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First Confirmed Reverse Shock in a Gamma Ray Burst

Science Update - A look at CfA discoveries in this month's journals.

by Smithsonian Astrophysical Laboratory
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Gamma ray bursts (GRBs) are the brightest events in the known universe. These flashes of high-energy light occur about once a day, randomly, from around the sky. While a burst is underway, it is many millions of times brighter than an entire galaxy. Astronomers are anxious to decipher their nature not only because of their dramatic energetics, but also because their tremendous brightnesses enables them to be seen across cosmological distances and times, providing windows into the young universe.

An artist's depiction of a gamma ray burst, the most powerful explosive event in the universe. The bursts can produce both forward and reverse shocks as the ejecta slam into the circumstellar material, and measurements of an April 2013 burst taken at wavelengths stretching from the radio to the X-ray, all during the brief lifetime of the burst, find for the first time convincing evidence for the effects of the reverse shock.Image credit: Lynette Cook, Gemini Observatory/AURAThe somewhat longer lasting variety of GRB is associated with the death of massive stars. The details of these bursts reflect the nature of the progenitor stars, the structure of the explosion environment, and the composition of the ejecta. Even after the explosion ends, the powerful ejecta generate an afterglow that can be analyzed as the particles plow into the circumstellar material around the progenitor star. Studies of the afterglow find two light signatures: one produced when a forward moving shock slams into the material, and a second kind resulting when a backward moving shock (the "reverse shock") is produced (roughly similar to the way a water wave, encountering an obstacle, spawns a backward moving wave). Both the forward and reverse shocks reveal different details of the cataclysm; the reverse shock is a particularly valuable probe of particle velocities in the burst.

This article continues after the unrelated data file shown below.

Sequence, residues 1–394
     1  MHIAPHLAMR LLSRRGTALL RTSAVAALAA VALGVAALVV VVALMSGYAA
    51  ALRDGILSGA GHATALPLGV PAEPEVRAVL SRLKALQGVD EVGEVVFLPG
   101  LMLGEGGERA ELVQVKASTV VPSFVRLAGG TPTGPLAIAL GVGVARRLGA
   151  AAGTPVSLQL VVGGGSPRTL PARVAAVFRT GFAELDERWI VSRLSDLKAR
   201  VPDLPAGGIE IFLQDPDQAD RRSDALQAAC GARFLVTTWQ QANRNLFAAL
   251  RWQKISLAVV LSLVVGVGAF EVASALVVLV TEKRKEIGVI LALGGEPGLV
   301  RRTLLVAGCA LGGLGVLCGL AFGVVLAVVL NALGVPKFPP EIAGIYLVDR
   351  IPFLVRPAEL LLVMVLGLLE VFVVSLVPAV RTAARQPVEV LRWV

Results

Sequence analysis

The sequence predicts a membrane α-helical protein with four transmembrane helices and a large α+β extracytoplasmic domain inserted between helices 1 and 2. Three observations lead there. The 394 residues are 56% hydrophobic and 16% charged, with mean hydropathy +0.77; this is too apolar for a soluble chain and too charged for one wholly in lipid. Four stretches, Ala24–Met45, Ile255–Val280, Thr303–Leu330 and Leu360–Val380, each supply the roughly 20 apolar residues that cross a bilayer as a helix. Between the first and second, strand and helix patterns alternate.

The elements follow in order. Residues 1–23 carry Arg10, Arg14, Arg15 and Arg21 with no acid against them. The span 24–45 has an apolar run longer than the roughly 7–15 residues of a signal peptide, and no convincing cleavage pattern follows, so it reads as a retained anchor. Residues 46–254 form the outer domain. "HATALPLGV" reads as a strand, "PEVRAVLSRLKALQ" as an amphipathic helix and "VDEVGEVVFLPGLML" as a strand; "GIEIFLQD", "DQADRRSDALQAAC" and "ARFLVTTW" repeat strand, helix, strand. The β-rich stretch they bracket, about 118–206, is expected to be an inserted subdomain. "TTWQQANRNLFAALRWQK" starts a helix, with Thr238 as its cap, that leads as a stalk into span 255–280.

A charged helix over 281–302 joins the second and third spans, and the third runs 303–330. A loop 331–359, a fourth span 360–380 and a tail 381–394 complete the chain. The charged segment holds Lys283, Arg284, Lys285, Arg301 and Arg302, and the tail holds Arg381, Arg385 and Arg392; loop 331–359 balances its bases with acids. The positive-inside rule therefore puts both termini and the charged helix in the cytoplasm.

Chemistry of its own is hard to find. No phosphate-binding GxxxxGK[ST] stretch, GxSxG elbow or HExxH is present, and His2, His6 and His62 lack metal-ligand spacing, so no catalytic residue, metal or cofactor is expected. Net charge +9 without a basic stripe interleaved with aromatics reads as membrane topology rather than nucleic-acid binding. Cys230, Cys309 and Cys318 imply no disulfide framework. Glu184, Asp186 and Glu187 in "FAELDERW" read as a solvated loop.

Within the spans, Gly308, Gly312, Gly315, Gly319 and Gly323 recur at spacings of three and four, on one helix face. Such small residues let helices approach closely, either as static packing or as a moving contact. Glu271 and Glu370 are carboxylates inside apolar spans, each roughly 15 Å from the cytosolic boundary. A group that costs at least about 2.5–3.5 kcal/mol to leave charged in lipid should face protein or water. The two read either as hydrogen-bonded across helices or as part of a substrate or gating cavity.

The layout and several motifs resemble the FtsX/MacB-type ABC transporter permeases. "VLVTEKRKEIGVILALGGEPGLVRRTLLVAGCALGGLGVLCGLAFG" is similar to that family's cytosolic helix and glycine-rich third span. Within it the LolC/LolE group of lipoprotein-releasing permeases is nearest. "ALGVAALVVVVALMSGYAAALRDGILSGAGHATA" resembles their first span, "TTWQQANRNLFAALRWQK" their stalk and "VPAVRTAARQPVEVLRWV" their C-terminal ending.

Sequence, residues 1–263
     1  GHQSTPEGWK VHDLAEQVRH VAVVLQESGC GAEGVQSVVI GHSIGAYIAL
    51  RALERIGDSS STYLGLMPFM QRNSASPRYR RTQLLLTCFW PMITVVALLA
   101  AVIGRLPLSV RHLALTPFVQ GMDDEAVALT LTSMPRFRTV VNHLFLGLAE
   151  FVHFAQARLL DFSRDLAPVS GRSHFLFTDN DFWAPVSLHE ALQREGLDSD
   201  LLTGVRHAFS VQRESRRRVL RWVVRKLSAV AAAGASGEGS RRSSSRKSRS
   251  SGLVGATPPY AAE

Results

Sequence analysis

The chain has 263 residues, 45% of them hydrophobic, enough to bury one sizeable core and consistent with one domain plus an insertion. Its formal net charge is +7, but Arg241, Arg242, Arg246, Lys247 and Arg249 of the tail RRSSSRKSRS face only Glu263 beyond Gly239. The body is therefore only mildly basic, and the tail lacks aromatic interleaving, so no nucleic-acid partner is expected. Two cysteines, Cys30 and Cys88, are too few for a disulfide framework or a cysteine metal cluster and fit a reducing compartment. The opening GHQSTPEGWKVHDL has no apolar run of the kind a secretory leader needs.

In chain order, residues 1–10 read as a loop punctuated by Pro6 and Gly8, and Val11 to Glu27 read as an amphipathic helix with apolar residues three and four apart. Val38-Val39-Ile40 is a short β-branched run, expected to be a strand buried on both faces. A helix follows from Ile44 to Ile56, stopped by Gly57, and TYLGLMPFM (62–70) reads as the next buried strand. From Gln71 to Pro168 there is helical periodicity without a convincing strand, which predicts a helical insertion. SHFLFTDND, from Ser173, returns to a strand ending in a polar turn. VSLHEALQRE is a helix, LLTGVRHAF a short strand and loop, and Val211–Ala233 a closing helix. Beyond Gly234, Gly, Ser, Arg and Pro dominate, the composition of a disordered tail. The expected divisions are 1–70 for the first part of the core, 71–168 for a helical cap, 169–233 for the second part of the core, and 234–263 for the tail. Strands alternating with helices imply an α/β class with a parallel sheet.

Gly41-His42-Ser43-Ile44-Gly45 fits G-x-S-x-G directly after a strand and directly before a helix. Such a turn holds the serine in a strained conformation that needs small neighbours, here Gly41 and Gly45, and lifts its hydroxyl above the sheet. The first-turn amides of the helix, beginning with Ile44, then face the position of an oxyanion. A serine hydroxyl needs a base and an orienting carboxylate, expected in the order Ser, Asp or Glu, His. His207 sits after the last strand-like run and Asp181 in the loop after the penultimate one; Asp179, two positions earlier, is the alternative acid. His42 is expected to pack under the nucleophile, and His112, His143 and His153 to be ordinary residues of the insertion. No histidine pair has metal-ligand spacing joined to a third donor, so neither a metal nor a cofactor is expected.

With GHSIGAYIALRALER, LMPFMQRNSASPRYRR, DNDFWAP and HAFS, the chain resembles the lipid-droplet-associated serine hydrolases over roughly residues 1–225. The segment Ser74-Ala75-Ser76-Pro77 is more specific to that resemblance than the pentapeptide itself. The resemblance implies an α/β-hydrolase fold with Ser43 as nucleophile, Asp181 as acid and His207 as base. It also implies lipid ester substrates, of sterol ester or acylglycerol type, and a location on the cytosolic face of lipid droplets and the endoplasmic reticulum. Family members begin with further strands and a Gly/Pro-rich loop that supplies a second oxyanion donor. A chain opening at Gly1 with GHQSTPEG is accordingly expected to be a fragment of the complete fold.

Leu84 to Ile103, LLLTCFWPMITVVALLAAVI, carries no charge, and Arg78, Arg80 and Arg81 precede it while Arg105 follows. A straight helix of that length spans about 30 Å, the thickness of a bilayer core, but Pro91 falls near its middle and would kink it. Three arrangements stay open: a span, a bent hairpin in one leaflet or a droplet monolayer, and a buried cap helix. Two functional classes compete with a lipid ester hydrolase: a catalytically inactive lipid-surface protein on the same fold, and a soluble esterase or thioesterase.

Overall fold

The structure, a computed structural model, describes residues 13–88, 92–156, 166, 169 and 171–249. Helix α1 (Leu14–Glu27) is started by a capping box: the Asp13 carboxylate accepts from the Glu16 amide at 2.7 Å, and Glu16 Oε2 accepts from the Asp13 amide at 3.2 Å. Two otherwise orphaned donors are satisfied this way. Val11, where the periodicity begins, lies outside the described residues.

Although in the past there have been some diagnostic hints found of a reverse shock in the radiation, the conclusions were indecisive because they lacked a full decomposition of the radiation into both its forward and reverse components. Each of these components radiates over a very broad band of wavelengths, with each kind if shock characterized by a distinct intensity peak at a different wavelength band. One problem has been that observations over the full range from optical to radio are needed to sort things out, but there is very little time during a burst to collect all the data.

CfA astronomers Tanmoy Laskar, Edo Berger, Bevin Zauderer, Raffaella Margutti, Alicia Soloderberg, Sayan Chakraborti, Ragnhild Lunnan, and Ryan Chornock and two colleagues present extensive observations of a burst that occurred on April 27. They obtained data from radio and submillimeter wavelengths through the infrared, optical, ultraviolet, and X-rays, and all in the short period from 0.67 days to 12 days after the burst. Their careful analysis convincingly finds the signature of the reverse shock, and determines the characteristic velocity of the ejecta as being 99.997% of the speed of light - very fast indeed. This benchmark dataset offers a so-far unique view of the reverse shock, helps to confirm theoretical models, and illustrates to power of detailed, multi-wavelength modeling of GRBs.


"A Reverse Shock in GRB 130427A," T. Laskar, E. Berger, B. A. Zauderer, R. Margutti, A. M. Soderberg, S. Chakraborti, R. Lunnan, R. Chornock, P. Chandra, and A. Ray, ApJ 776, 119, 2013.

- Smithsonian Astrophysical Laboratory